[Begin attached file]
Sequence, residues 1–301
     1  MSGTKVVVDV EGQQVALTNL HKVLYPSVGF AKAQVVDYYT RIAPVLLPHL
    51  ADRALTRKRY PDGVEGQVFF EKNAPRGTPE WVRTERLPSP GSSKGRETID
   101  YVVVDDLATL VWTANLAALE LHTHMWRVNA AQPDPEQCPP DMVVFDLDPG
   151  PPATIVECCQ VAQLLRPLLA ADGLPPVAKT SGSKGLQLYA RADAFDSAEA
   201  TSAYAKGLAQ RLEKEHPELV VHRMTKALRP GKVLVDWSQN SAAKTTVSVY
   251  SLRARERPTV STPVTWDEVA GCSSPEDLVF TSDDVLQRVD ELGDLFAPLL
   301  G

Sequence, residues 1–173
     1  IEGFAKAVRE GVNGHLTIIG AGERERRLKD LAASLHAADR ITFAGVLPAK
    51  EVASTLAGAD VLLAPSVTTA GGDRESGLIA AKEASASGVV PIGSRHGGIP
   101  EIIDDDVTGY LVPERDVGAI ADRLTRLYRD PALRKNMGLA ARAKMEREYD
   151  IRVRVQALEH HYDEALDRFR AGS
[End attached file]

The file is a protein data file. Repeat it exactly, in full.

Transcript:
Sequence, residues 1–301
     1  MSGTKVVVDV EGQQVALTNL HKVLYPSVGF AKAQVVDYYT RIAPVLLPHL
    51  ADRALTRKRY PDGVEGQVFF EKNAPRGTPE WVRTERLPSP GSSKGRETID
   101  YVVVDDLATL VWTANLAALE LHTHMWRVNA AQPDPEQCPP DMVVFDLDPG
   151  PPATIVECCQ VAQLLRPLLA ADGLPPVAKT SGSKGLQLYA RADAFDSAEA
   201  TSAYAKGLAQ RLEKEHPELV VHRMTKALRP GKVLVDWSQN SAAKTTVSVY
   251  SLRARERPTV STPVTWDEVA GCSSPEDLVF TSDDVLQRVD ELGDLFAPLL
   301  G

Sequence, residues 1–173
     1  IEGFAKAVRE GVNGHLTIIG AGERERRLKD LAASLHAADR ITFAGVLPAK
    51  EVASTLAGAD VLLAPSVTTA GGDRESGLIA AKEASASGVV PIGSRHGGIP
   101  EIIDDDVTGY LVPERDVGAI ADRLTRLYRD PALRKNMGLA ARAKMEREYD
   151  IRVRVQALEH HYDEALDRFR AGS